At-Home Monitoring Program for Women Receives Federal ‘Hypertension Innovator’ Award

By: Amy Charley

The Department of Health and Human Services (HHS)’s Office on Women’s Health has recognized UPMC Magee-Womens Hospital, the University of Pittsburgh School of Medicine and Magee-Womens Research Institute with the HHS Hypertension Innovator award for its at-home blood pressure monitoring program, which rapidly detects concerning trends in postpartum women before their situation becomes critical.

America has the highest maternal mortality rate in the developed world, with the majority of deaths occurring postpartum. Since cardiovascular disease is the primary cause, researchers at UPMC Magee and Pitt created a remote hypertension monitoring program in 2018 that quickly addresses and consistently monitors key contributors to maternal morbidity and mortality during the postpartum period.

Hyagriv Simhan, M.D.

“It’s an honor for our work to be recognized by HHS,” explained  Hyagriv Simhan, M.D., executive vice chair of obstetrics at UPMC Magee. “Our innovative program does more than just take blood pressure readings remotely. It links moms to ongoing preventive care with the goal of minimizing the harm of hypertension across the course of their lives. While helping to improve health for all women postpartum, programs like this also help narrow health disparities.”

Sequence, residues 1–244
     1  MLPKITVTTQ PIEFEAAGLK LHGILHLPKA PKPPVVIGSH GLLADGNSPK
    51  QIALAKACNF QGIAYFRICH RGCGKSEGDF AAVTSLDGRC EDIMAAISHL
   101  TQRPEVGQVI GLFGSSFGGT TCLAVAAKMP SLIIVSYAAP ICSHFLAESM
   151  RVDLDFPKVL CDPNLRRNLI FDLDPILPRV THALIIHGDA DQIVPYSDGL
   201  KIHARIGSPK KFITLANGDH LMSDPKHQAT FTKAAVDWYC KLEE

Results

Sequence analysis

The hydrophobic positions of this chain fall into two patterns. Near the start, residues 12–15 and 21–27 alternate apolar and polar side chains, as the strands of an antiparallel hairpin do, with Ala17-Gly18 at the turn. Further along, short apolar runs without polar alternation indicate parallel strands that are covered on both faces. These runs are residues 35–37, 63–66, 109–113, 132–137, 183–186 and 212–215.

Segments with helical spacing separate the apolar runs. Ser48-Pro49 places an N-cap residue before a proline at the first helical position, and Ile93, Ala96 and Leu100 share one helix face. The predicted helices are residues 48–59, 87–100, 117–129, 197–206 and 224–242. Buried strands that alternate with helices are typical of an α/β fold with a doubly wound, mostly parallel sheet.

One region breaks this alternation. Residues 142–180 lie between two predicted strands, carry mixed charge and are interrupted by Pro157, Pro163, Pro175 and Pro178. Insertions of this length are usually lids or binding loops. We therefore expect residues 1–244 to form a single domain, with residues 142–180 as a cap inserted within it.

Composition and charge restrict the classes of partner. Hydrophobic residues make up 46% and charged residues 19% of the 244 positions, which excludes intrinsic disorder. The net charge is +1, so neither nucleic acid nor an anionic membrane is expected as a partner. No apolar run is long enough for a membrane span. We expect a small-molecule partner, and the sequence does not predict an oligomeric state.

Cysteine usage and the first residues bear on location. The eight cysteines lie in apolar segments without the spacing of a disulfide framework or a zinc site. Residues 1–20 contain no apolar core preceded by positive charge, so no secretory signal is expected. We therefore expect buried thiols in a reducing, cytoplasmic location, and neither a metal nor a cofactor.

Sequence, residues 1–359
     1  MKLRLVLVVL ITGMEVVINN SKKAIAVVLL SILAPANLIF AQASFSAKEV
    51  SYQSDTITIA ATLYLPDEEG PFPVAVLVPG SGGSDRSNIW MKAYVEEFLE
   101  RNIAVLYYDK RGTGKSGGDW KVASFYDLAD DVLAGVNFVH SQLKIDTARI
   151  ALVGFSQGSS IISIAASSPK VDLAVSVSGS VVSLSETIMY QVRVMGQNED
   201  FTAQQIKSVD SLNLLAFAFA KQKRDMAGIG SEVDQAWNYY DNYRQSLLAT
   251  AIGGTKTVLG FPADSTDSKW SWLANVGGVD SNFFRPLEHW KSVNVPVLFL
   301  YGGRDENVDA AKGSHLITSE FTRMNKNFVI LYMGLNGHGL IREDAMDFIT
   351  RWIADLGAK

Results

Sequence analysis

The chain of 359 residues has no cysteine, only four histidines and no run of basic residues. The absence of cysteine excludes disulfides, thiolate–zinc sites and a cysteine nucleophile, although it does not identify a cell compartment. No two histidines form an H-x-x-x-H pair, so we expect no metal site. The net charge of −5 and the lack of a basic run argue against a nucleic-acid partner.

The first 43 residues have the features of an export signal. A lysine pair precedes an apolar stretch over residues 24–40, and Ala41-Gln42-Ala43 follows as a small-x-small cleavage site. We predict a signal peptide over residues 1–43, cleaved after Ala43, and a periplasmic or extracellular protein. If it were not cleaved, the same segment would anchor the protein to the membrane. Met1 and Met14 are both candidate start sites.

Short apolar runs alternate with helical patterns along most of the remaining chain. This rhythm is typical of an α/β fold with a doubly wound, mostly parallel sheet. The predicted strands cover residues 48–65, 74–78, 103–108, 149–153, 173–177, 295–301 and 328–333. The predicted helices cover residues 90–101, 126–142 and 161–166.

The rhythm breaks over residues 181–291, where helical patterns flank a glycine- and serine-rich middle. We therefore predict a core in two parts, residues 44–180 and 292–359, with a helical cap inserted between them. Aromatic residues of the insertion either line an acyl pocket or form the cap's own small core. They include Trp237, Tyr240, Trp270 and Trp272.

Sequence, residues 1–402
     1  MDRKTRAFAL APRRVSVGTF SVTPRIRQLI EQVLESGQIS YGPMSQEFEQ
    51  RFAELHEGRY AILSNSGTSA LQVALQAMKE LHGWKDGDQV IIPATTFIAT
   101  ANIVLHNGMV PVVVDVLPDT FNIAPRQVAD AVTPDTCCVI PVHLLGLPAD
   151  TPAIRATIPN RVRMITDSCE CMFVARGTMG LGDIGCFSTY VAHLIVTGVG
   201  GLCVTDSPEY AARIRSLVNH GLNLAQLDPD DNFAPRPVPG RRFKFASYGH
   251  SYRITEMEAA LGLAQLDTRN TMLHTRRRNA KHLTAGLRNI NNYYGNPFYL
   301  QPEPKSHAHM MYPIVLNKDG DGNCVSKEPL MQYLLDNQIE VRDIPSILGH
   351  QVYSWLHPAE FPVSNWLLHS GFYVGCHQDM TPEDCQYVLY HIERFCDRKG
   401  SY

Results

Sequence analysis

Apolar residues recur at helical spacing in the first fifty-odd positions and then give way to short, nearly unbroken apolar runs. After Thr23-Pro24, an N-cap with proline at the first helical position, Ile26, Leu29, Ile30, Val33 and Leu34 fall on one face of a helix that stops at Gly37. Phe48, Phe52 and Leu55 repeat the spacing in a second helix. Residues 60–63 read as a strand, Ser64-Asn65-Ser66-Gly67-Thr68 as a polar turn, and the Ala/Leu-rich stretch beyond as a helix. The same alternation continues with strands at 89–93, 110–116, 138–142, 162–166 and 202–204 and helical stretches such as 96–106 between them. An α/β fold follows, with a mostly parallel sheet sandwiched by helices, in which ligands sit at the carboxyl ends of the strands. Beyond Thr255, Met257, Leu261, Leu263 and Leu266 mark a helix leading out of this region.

The hospital has enrolled over 3,000 women with preeclampsia, eclampsia or chronic, gestational or postpartum hypertension.  Each was equipped with an automatic blood pressure cuff and instructions on how to take their own readings at home. Abnormal readings lead to an increase in monitoring frequency and automatic notifications to the patient’s health care provider. Dangerously high readings trigger a trip to the emergency room.

The program has led to marked improvements in women monitoring their blood pressure during their postpartum period, as well as increased personal involvement in their own care. Over 90% of women enrolled in the program continue to monitor their blood pressure for at least a four-week period beyond postpartum. Additionally, women in the program are more likely to attend postpartum visits and report high satisfaction with the program.

“We have successfully been able to leverage technology to monitor at-risk moms very closely to avoid severe complications, while also empowering women in their care. But the real beauty of this program is its scalability. We kicked the program off in Pittsburgh at UPMC Magee and have seamlessly expanded it to UPMC Horizon and UPMC Northwest, where we are addressing disparities among women seeking care in our more rural hospitals,” said Simhan.